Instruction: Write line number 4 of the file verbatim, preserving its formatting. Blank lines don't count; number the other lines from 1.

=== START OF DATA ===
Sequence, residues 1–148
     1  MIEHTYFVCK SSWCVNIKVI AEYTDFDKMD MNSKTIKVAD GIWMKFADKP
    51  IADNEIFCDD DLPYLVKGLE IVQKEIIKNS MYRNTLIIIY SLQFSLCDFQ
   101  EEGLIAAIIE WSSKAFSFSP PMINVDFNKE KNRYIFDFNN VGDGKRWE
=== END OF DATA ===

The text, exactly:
   101  EEGLIAAIIE WSSKAFSFSP PMINVDFNKE KNRYIFDFNN VGDGKRWE